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What Does the Lord Require

Author: Albert F. Bayly

Albert F. Bayly was born on Sep­tem­ber 6, 1901, Bex­hill on Sea, Sus­sex, Eng­land. He received his ed­u­cat­ion at Lon­don Un­i­ver­si­ty (BA) and Mans­field Coll­ege, Ox­ford. Bayly was a Congregationalist (later United Reformed Church) minister from the late 1920s until his death in 1984. His life and ministry spanned the Depression of the 1930s, the Second World War, and the years of reconstruction which followed. Af­ter re­tir­ing in 1971, he moved to Spring­field, Chelms­ford, and was ac­tive in the local Unit­ed Re­formed Church. He wrote sev­er­al pageants on mis­sion themes, and li­bret­tos for can­ta­tas by W. L. Lloyd Web­ber. He died on Ju­ly 26, 1984 in Chiches­ter, Sus­sex, Eng­land. NN,… Go to person page >


Scripture References: all st. = Micah 6:6-8 Early in 1949 Albert F. Bayly (b. Bexhill-on-Sea, Sussex, England, 1901; d. Chichester, England, 1984) wrote a hymn text based on Micah 6:6-8 as one of a series of seventeen hymns he was writing on the Old Testament prophets. His objective was to present the prophets "in the light of the climax and fulfillment of the Old Testament revelation in the coming of Christ." "What Does the Lord Require" asks questions and states commands as if Micah were a modern-day prophet. The refrain line "Do justly. . ." subtly shifts from the imperative voice in stanzas 1 through 4 to a corporate confession in stanza 5. The text was first published in Bayly's Rejoice, 0 People (1951) and is included in the Psalter Hymnal with minor alterations. Bayly studied briefly at the Royal Dockyard School at Portsmouth to prepare himself for the shipbuilding industry. However, in 1925 he began studying for the ministry at Mansfield College, Oxford. He became a Congregationalist minister and served seven churches. Bayly wrote missionary pageants and numerous hymns, many of which used more contemporary language and concepts than had been customary in previous hymn writing. Because of the publication of his collection Again I Say Rejoice (1967), Bayly is often acknowledged as the pioneer of the revival of British hymn writing in the 1960s and 70s. His hymns were published in four collections: Rejoice, 0 People (1951), Again I Say Rejoice (1967), Rejoice Always (1971), and Rejoice in God (1978). Liturgical Use: As part of the service of confession in conjunction with sermons from Micah, Amos, Isaiah 1, or similar passages; as a hymn for social justice, especially for civic festivals or national-holiday celebrations; times of penitence and renewal such as Advent and Lent. --Psalter Hymnal Handbook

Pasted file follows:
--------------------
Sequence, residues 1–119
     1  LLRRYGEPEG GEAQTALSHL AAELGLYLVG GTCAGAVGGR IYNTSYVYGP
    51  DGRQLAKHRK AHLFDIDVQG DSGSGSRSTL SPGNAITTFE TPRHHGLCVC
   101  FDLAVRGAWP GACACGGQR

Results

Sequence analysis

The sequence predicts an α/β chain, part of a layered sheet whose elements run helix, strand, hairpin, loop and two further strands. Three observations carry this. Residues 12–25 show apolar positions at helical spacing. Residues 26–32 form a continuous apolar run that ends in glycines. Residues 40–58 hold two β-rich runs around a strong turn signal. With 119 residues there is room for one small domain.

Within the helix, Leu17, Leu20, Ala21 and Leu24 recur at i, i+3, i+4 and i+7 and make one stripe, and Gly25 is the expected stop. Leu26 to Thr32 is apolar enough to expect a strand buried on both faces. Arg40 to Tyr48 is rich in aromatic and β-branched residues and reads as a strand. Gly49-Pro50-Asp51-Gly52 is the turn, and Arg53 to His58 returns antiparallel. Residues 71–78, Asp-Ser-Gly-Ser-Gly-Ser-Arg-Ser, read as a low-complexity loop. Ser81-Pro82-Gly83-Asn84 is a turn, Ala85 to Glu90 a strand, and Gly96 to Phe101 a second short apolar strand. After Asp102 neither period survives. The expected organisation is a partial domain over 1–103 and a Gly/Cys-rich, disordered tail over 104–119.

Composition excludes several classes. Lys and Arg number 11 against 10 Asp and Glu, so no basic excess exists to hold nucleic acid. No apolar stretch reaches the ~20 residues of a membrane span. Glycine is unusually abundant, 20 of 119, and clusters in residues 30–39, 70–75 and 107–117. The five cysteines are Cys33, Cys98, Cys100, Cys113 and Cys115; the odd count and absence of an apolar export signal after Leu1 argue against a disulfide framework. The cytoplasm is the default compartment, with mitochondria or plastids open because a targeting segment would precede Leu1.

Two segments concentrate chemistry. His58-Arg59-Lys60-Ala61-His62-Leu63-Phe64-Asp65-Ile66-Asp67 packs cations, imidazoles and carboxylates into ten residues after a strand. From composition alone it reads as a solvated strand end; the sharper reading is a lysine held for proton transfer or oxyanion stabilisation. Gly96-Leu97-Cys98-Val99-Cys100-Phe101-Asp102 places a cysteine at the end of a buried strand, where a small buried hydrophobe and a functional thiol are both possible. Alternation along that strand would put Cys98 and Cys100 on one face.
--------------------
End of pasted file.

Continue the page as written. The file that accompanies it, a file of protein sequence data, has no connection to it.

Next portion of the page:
Erik Routley (PHH 31) composed SHARPTHORNE in 1968 to be published as a setting for Bayly's text in the British supplementary hymnal 100 Hymns for Today (1969). SHARPTHORNE is actually a revision of another Routley tune, TIES CROSS, which was the setting for Bayly's text in the 1951 Rejoice, O Peopl…

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Instances (1 - 20 of 20)

Chalice Hymnal #659

Church Hymnal, Fifth Edition #498

Common Praise (1998) #171

Hymnal 1982 #605

Hymnal Supplement 1991 #811

Hymnal #409

Hymns Ancient & Modern, New Standard Edition #432

Moravian Book of Worship #695

Presbyterian Hymnal #405

Text InfoTune InfoAudio

Psalter Hymnal (Gray) #293

Rejoice in the Lord #176

The Covenant Hymnal #718


The United Methodist Hymnal #441

The United Methodist Hymnal #772

The Worshiping Church #571

Together in Song #618

Worship (3rd ed.) #624

Worship (4th ed.) #748

Worship and Rejoice #686

Worship Together #678

Include 4 pre-1979 instances
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